Given my increased level of irritation with DRM at the moment you won't be surprised that I draw your attention to this.
"For almost ten years now I have argued that digital rights management has little to do with piracy, but that is instead a carefully plotted ruse to undercut fair use and then create new revenue streams where there were previously none...
In a nutshell: DRM's sole purpose is to maximize revenues by minimizing your rights so that they can sell them back to you...
There is simply no evidence whatsoever that DRM slows piracy. In fact, all of the evidence suggests the opposite, and arguments that DRM "keeps honest people honest" are frankly insulting. If they're already honest, they don't need DRM.
If we believe Ronald Grover's sources in his BusinessWeek article of last week, the problem is liberal DRM and not piracy, and this is a startling admission. According to him, an unnamed studio executive said that a major reason why studios weren't jumping on board with the iTunes Store and other similar services is that their DRM is too lax. "[Apple's] user rules just scare the heck out of us." It's not piracy that's the concern, it's their ability to control how you use the content you purchase.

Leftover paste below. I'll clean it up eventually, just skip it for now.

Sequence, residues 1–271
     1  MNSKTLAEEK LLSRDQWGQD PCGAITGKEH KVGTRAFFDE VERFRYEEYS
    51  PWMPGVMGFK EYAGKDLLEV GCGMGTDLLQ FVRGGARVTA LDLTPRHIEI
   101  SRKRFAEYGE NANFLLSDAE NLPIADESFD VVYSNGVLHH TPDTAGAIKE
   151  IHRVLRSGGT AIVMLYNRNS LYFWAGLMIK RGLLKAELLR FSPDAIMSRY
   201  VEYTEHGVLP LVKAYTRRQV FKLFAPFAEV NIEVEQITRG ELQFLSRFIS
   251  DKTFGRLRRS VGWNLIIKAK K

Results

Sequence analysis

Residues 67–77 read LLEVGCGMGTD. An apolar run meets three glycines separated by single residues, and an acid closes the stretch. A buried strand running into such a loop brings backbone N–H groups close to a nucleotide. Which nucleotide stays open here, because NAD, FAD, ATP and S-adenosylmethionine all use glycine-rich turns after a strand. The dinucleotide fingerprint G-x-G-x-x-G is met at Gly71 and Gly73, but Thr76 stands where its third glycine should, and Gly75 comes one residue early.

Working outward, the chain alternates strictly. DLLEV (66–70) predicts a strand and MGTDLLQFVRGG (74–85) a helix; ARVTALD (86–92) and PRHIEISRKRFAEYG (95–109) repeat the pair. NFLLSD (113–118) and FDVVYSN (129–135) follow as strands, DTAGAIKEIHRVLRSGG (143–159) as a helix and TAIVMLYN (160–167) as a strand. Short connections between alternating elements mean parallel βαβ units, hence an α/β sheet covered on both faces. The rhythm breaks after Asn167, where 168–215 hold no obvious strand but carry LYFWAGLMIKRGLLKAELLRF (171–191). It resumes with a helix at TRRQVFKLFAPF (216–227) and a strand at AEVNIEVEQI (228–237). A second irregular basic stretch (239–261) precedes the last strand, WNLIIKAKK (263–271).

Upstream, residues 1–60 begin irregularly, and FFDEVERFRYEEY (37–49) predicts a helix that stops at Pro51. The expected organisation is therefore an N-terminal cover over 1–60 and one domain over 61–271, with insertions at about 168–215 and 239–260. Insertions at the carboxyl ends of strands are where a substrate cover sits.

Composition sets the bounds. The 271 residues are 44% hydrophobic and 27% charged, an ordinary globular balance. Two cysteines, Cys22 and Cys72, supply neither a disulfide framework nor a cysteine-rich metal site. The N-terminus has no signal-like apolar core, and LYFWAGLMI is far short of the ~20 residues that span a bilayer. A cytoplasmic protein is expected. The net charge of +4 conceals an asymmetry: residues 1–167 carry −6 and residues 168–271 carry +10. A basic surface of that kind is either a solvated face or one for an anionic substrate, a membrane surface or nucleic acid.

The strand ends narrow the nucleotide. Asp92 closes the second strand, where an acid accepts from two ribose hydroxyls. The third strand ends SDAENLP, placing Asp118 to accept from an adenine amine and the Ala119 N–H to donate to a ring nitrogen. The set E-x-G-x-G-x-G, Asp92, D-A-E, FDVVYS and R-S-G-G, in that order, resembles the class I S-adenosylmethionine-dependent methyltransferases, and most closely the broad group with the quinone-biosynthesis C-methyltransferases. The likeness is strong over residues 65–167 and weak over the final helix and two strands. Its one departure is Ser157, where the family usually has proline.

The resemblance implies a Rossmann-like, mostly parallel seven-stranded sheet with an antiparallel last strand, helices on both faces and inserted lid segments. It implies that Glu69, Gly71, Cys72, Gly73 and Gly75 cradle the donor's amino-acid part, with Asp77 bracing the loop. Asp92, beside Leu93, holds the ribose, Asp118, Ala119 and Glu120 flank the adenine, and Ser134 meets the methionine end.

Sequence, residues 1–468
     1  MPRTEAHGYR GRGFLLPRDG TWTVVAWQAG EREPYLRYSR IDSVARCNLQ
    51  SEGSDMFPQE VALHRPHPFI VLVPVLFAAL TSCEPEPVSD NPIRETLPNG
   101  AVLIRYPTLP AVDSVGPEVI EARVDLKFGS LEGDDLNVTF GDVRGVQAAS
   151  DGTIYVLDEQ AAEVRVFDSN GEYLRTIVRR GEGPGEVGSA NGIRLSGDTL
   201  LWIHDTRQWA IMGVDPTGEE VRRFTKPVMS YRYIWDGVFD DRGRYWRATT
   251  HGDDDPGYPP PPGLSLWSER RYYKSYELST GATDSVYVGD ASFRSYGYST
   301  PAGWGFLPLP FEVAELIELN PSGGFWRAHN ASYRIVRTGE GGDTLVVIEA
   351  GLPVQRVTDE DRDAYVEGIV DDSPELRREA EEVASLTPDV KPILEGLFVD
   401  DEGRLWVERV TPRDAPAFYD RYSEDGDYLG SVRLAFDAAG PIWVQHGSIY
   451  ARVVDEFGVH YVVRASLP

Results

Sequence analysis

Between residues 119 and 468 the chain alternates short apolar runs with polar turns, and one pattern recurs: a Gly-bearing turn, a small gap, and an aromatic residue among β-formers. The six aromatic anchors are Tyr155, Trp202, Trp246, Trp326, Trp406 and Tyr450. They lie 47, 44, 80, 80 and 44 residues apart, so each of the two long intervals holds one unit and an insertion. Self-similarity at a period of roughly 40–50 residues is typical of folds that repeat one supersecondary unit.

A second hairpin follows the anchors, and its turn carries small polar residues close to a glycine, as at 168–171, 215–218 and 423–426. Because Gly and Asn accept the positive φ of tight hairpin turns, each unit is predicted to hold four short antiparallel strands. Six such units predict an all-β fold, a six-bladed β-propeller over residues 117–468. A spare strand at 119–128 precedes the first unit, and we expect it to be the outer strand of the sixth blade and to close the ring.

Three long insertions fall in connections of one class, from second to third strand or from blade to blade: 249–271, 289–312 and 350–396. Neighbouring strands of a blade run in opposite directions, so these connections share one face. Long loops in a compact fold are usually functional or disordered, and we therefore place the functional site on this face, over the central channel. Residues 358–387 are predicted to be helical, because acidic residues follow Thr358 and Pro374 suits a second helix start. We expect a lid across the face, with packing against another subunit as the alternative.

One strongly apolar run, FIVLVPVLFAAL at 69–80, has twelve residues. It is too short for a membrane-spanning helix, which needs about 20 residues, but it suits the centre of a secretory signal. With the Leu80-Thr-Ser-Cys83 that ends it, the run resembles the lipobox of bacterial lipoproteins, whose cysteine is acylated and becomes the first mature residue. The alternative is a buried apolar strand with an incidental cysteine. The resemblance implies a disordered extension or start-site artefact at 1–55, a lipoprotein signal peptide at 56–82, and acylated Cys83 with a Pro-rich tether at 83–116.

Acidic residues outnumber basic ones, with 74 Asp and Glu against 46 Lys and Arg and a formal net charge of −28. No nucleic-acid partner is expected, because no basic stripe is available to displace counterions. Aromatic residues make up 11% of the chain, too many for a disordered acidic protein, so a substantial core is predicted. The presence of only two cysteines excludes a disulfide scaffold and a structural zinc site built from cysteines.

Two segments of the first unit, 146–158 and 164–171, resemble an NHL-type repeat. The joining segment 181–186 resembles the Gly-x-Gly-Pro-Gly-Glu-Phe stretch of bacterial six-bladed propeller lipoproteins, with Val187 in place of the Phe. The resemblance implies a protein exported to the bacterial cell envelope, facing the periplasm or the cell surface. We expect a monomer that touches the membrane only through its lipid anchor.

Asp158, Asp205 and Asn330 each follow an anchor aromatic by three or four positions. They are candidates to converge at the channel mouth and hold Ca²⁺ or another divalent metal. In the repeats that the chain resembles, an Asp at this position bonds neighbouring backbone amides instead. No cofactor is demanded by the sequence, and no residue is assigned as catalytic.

As it turns out, five devices authorized for playback is too many, and the studios apparently believe that this is "just as bad" as piracy. Hollywood believes that iTunes Store customers will add their buddies' devices to their authorization list, and like evil communists, they'll share what they have purchased. This makes little sense, because the way iTunes works, you can only issue so many device authorizations at a time. You could share with a friend, but then your friend would have to be authorized to play all of your purchased content, taking up an authorization. Inconvenient, huh? But is it a big problem?
I can walk in to Best Buy right now, buy a DVD, and lend it to every person I know. Who hasn't lent a DVD to a friend or colleague? This is perfectly legal behavior, but you can see that Hollywood hopes to stop this kind of thing via DRM. Thanks to the DMCA, once copyrighted contents have been encrypted, your rights fly right out the window."